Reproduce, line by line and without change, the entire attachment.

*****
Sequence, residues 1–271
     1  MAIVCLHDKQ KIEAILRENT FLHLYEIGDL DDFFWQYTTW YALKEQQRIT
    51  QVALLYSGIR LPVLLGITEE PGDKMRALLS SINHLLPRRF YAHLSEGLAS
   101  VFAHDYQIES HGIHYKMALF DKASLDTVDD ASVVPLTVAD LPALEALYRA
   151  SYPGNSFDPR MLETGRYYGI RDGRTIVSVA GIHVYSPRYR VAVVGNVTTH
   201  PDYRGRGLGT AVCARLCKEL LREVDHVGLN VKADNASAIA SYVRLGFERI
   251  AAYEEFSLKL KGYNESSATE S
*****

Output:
Sequence, residues 1–271
     1  MAIVCLHDKQ KIEAILRENT FLHLYEIGDL DDFFWQYTTW YALKEQQRIT
    51  QVALLYSGIR LPVLLGITEE PGDKMRALLS SINHLLPRRF YAHLSEGLAS
   101  VFAHDYQIES HGIHYKMALF DKASLDTVDD ASVVPLTVAD LPALEALYRA
   151  SYPGNSFDPR MLETGRYYGI RDGRTIVSVA GIHVYSPRYR VAVVGNVTTH
   201  PDYRGRGLGT AVCARLCKEL LREVDHVGLN VKADNASAIA SYVRLGFERI
   251  AAYEEFSLKL KGYNESSATE S